Death Capote Rhetorical Analysis Essay

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When writing this novel, Capote's goal was to not only inform the readers about the murders, but also to provide insight into the murders and create an overall tone of suspense within the novel. In his writing, he attempted to show what the murderers were thinking, as well as imply different motives. One way he achieves his goal is through the way he structures his novel. Creating a tone of suspense in a story where the outcome is already known is difficult. In Capote's novel, he uses situational irony to build suspense throughout the story. He does this, despite the reader's knowledge of the ultimate ending of the novel, and the fact that the killers were caught by the authorities. Capote also organised his novel into a basic narrative …show more content…
Throughout the novel, the author attempts to imply certain motives for the murders, many of which were never considered before his writing.
Audience: The author's intended audience are all readers who are interested in this particular genre. This intended audience greatly shapes the way capote tells the story of these murders. Instead of simply creating an insipid chronological list of the events that unfolded, he masterfully crafted the story in a both intriguing and suspenseful manner, which was best suited for his target audience.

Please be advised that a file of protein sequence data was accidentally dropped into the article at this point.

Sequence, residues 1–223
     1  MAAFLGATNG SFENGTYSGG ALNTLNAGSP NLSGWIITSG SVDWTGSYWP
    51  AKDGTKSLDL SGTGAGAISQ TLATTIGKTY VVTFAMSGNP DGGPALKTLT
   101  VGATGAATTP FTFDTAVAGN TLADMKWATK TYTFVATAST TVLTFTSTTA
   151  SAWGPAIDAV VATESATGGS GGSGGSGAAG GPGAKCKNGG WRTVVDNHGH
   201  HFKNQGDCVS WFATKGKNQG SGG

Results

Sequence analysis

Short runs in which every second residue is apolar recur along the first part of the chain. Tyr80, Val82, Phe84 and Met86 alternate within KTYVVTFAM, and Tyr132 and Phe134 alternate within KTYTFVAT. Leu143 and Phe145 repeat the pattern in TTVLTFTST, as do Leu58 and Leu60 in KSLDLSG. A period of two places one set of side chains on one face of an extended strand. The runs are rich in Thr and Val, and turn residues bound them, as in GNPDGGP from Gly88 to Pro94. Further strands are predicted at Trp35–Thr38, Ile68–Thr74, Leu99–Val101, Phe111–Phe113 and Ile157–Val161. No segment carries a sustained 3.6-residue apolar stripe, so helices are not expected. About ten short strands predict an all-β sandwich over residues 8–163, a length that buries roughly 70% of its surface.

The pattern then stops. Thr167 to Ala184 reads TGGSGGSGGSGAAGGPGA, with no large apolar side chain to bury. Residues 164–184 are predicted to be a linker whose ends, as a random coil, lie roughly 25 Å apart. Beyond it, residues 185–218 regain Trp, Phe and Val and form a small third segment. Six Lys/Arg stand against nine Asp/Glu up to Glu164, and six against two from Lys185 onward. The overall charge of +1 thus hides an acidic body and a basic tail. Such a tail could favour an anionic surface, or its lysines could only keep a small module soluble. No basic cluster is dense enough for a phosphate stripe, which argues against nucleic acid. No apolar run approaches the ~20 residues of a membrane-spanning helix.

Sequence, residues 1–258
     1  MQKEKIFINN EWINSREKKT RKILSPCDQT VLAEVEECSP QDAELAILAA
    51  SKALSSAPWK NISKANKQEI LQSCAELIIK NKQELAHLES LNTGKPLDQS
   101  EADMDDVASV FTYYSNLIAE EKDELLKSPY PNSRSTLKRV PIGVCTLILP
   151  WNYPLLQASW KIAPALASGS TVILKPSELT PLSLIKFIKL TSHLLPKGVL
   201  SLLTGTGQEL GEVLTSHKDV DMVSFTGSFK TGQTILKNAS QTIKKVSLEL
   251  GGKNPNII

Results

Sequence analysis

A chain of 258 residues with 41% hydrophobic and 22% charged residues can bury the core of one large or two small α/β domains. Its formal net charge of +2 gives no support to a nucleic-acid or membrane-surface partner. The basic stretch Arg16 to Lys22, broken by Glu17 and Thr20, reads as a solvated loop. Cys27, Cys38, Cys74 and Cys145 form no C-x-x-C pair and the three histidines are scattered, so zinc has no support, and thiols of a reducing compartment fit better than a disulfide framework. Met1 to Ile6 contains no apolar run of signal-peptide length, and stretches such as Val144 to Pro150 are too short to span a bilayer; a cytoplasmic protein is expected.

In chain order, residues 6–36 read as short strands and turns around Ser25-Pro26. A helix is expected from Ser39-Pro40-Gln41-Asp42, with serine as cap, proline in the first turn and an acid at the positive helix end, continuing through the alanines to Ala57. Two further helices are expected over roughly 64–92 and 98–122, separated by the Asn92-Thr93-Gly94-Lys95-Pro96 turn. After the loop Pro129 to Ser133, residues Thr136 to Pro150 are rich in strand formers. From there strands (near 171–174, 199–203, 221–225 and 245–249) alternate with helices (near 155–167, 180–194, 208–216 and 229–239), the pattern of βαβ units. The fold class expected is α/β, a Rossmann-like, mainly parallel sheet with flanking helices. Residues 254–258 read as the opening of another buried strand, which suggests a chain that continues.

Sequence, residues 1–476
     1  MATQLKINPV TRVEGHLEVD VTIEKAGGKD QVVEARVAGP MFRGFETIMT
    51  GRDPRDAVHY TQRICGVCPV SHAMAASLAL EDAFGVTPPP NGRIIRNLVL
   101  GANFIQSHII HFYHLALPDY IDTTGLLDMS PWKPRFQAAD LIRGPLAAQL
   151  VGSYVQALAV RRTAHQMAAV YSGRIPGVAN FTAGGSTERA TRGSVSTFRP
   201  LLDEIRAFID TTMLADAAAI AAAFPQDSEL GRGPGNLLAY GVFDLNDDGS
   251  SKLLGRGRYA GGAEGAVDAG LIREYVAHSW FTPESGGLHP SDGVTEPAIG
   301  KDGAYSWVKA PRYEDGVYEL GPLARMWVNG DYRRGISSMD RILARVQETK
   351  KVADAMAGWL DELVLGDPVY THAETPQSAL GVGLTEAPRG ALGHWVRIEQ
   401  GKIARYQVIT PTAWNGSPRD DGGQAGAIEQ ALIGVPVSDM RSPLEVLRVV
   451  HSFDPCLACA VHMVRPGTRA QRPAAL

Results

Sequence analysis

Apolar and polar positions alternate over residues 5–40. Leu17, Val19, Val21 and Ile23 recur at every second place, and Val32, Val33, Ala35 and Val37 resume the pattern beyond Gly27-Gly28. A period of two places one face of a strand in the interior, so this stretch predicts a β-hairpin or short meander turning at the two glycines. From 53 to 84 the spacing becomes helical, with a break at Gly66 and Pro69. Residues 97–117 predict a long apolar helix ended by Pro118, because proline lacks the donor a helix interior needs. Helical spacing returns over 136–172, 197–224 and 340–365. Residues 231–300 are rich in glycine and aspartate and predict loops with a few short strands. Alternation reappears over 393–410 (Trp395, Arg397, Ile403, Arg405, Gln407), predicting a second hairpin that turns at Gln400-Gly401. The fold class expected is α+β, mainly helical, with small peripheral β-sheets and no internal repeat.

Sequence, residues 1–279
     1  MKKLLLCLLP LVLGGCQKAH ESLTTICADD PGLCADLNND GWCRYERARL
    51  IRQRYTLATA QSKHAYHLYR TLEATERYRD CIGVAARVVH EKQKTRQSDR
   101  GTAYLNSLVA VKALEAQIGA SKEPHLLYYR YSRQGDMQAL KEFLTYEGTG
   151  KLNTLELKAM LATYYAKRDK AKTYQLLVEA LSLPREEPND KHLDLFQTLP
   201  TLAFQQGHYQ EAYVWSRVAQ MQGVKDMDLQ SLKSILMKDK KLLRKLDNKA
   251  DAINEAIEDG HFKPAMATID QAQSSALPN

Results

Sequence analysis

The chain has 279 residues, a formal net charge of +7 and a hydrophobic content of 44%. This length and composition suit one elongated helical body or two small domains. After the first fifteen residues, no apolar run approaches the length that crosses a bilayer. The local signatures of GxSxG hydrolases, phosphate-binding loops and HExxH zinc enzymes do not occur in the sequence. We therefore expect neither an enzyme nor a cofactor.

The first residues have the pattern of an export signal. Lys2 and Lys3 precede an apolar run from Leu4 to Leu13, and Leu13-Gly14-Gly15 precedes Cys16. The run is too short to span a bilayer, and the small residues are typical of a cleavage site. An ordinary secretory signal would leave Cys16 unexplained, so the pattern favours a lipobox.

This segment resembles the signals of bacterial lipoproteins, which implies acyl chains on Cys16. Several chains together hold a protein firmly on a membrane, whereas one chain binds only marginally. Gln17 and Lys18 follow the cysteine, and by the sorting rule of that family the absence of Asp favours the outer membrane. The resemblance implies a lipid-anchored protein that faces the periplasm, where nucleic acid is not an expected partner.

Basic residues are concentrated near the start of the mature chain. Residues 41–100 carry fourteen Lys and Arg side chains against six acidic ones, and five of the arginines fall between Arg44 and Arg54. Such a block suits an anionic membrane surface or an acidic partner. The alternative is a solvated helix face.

Logos: In his novel, the author utilizes logos to establish a logical order of events within the story. One way he does this is by using factual information within the book, such as including the real dates, names and locations of these events.
Pathos:Throughout the novel it is evident that the author attempts to make use of pathos in his writing. One example is in his gruesome description of the murders, where he attempts to invoke a sense of pity toward the victims, as well as emphasize the gruesome nature of such
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One of these allusions is his writing of the the death penalty, which was a topic of debate even at the time of the murders. The author doesn't hide his personal views on this topic very well, as he emphasizes the unfair nature of their trial. This emphasis serves to demonstrate how juries are often determined to give the death penalty, even before trial: a bias that creates an unfair system that grants the jury the power of choosing one's ultimate fate, despite whether or not their decision is truly just. The authors allusion, however subtle, reflects on his personal belief about capital punishment. The author makes many other uses of outside sources throughout his writing, but his allusion to capital punishment is perhaps his most significant. As it further reveals Capote's view on the

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